“I think the right situation is somewhere I’m winning and being happy, and honestly I want to play for a championship,” Lowry told Basketball Insiders. “I’m happy with making the playoffs and doing that, but the end game for all players should be a championship and that’s what I want to play for. I want to play for a championship.”
Source: Toronto looking to S&T Kyle Lowry to Miami for cash and future picks. Part II: Bosh opts out, returns to Toronto.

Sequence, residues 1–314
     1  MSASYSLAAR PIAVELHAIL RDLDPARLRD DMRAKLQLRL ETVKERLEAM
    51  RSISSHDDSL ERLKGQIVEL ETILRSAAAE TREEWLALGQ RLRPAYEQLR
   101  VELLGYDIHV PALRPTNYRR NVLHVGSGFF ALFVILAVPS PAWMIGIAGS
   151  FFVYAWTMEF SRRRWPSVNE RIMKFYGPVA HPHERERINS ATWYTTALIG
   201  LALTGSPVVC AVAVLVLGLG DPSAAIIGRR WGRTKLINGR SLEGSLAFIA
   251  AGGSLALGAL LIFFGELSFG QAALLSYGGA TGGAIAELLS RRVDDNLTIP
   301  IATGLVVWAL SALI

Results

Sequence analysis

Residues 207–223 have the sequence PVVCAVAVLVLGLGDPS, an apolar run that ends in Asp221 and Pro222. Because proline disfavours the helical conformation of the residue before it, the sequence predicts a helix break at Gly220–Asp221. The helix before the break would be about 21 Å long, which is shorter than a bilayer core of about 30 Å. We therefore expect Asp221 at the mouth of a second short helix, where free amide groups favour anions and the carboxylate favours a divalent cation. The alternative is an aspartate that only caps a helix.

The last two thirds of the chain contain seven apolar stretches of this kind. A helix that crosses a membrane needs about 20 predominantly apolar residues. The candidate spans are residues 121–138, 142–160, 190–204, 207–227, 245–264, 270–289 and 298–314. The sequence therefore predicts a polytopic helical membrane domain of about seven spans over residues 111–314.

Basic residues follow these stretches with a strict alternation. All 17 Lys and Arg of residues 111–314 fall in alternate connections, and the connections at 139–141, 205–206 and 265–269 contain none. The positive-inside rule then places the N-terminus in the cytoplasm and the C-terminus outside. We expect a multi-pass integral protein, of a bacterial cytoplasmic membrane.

It’s not inconceivable that Lowry could wind up playing with James if he re-ups with the Miami Heat, but the economics in that equation would make it extremely challenging. The more likely scenario, by far, involves Lowry getting paid handsomely by a team that wasn’t able to convince the four-time MVP to come its way. According to two people with knowledge of the situation, the Houston Rockets — whom Lowry played for from 2009 to 2012 — are one of those teams. While Rockets general manager Daryl Morey will woo free agents like James, Anthony and Heat center Chris Bosh (if he opts out of his deal), he also will pursue Lowry if those initial options are no longer in play. It would be quite the full-circle kind of story, as the Rockets’ decision to trade Lowry to the Raptors in July 2012 played a vital part in their eventual acquisition of shooting guard James Harden just a few months later (the Oklahoma City Thunder received the lottery-protected first-round pick Houston had received from Toronto in that Oct. 2012 deal). The Los Angeles Lakers, who also plan to pursue both James and Anthony, are also known to be on Lowry’s short list of prospective landing spots.